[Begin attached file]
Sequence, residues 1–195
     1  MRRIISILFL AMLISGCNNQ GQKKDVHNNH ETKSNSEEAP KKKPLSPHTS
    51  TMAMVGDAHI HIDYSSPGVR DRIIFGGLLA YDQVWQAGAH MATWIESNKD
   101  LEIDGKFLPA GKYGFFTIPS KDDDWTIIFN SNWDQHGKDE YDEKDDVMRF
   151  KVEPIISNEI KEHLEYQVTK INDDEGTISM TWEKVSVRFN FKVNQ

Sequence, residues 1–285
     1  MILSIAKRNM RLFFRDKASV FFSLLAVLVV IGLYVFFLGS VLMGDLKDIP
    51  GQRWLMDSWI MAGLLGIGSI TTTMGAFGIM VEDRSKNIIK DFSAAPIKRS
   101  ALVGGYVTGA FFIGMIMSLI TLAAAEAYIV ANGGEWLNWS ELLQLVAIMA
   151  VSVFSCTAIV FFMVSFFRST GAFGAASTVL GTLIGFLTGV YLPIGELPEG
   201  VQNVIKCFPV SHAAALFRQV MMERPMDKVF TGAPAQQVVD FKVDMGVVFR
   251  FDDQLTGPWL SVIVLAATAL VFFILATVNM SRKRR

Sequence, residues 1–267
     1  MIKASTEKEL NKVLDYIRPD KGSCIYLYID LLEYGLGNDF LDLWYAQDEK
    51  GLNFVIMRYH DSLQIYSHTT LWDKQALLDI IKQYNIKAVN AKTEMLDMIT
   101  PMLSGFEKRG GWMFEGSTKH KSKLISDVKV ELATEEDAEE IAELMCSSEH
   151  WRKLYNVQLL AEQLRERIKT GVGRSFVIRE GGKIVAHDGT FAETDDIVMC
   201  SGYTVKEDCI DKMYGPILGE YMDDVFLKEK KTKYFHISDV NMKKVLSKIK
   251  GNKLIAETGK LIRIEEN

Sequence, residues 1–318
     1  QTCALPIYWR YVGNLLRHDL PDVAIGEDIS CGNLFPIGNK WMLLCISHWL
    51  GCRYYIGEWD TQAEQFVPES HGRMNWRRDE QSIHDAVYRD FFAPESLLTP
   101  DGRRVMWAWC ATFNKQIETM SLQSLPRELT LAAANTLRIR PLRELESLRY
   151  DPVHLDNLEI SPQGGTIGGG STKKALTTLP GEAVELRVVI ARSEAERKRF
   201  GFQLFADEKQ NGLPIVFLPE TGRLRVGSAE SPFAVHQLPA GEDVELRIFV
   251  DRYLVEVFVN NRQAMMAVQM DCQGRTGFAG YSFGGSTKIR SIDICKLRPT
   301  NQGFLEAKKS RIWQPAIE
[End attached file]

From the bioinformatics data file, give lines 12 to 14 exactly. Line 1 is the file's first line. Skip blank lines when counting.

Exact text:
   251  FDDQLTGPWL SVIVLAATAL VFFILATVNM SRKRR

Sequence, residues 1–267
     1  MIKASTEKEL NKVLDYIRPD KGSCIYLYID LLEYGLGNDF LDLWYAQDEK